To prove it, this next picture was taken 4 hours later, he hasn't moved...very impressive.



Once the bricks were laid, it was time to create the sand mold of the oven cave, which would eventually be covered in a cob shell.  It's important to first place some wet newspaper on top to prevent any of the sand grains from seeping through the tiny spaces between bricks.  If sand gets in there you run the risk of developing larger cracks down the road.





We started small with one handful of sand and The Captain threw in a stick to determine how tall we wanted the oven to be.  Quick physics detail:  The height of the oven doorway should be about 67% of the interior height of the oven.  This small detail plays a big role as this proportion allows for a convection effect to take place.  Air is circulated throughout the oven, baking things evenly just like a conventional oven would with the "convection" setting turned on.  


One thing leads to another and...





BAM!!  A beautiful mold!  The good kind of mold, not the kind of mold you get after you leave your room locked all summer before your senior year of college and unknowingly come back to find all of your belongings and most prized posessions covered in toxic mold because of an unknown leak in your ceiling coupled with a week of torrential downpours followed by an excessive New England heat wave, but I digress.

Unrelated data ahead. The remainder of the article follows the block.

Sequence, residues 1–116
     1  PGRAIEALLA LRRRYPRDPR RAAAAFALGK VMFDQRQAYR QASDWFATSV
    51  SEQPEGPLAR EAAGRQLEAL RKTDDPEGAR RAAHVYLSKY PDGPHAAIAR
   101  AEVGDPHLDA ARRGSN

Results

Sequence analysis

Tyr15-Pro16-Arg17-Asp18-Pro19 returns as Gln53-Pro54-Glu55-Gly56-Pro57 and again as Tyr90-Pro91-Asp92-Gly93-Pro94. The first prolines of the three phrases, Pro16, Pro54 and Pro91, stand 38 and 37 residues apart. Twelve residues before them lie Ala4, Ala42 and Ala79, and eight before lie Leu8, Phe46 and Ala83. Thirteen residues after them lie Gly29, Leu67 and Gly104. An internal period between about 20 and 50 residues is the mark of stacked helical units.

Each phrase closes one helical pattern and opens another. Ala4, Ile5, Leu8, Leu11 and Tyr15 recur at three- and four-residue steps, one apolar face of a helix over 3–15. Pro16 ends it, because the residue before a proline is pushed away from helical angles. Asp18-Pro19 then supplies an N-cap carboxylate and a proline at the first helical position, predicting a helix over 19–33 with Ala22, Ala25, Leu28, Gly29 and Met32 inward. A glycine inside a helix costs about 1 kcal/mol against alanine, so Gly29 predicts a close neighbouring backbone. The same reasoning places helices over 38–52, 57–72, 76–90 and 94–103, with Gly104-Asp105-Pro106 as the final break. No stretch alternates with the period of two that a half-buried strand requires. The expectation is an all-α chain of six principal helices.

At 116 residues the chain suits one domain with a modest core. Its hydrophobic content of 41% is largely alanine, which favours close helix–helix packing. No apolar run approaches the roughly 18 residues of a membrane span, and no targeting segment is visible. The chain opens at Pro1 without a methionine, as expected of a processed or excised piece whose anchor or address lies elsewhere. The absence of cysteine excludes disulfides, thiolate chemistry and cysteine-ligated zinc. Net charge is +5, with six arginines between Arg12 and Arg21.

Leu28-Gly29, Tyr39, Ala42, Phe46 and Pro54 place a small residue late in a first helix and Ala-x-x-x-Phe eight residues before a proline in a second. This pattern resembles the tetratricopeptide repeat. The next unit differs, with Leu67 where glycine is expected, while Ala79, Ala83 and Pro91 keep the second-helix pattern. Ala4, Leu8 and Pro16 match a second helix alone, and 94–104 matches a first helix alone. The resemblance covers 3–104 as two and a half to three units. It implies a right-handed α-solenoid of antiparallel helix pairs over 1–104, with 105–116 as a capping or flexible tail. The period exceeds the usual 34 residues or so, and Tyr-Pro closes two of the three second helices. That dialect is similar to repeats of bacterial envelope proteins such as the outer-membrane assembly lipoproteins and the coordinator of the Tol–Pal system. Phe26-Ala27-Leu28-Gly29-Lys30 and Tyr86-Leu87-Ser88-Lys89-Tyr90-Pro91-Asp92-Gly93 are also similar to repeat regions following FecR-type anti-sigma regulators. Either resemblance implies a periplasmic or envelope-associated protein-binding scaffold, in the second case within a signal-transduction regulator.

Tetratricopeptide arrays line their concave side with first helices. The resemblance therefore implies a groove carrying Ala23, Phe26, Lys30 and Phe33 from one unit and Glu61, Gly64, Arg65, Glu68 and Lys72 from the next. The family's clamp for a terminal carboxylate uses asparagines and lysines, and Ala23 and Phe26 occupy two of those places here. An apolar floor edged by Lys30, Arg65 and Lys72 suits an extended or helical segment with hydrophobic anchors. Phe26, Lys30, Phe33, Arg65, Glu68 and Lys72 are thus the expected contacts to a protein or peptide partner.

The key to the shell is to maintain a consistent thickness throughout. Tear off small patches of cob and layer them around the base starting with a ring around the bottom.  This way you can ensure that the thickness is consistent..



 

Adding another layer of moist newspaper on top of the sand mold will help the cob stick.


Don't forget the chimney, although with a big enough mouth a chimney is not mandatory.  It does look damn cool, can't deny that.


Another creative and aesthetically pleasing as well as challenging piece to the puzzle, the brick arch opening. Here Evan explained that using a mixture of clay and straw creates a more sturdy material that helps hold up the weight of these bricks.







Smooth it all around and there you have it, a true masterpiece in the making.  Although this looks very cool and has an incredible arch and chimney, there is still another stronger layer of cob that must go on the outside of this entire structure.  Unfortunately, we ran out of clay, so this will have to be done later.  Once this layer is set, the oven will be left to dry and harden for a few weeks and then finally, the sand mold inside will be dug out, a fire will be lit inside to solidify the structure and it's good to go.



I later found out that this oven is not just for baking phenomenal food, but will serve as a major educational tool for Stone Barns, where they are looking to integrate classes on how to use the oven and all its benefits.  With a little remodeling of the surrounding landscape and the addition of some communal benches, this terrace garden area will be transformed into a more social space where classes can gather and share in the production, preparation and deliciousness of food.  Sounds like a pretty good plan if you ask me.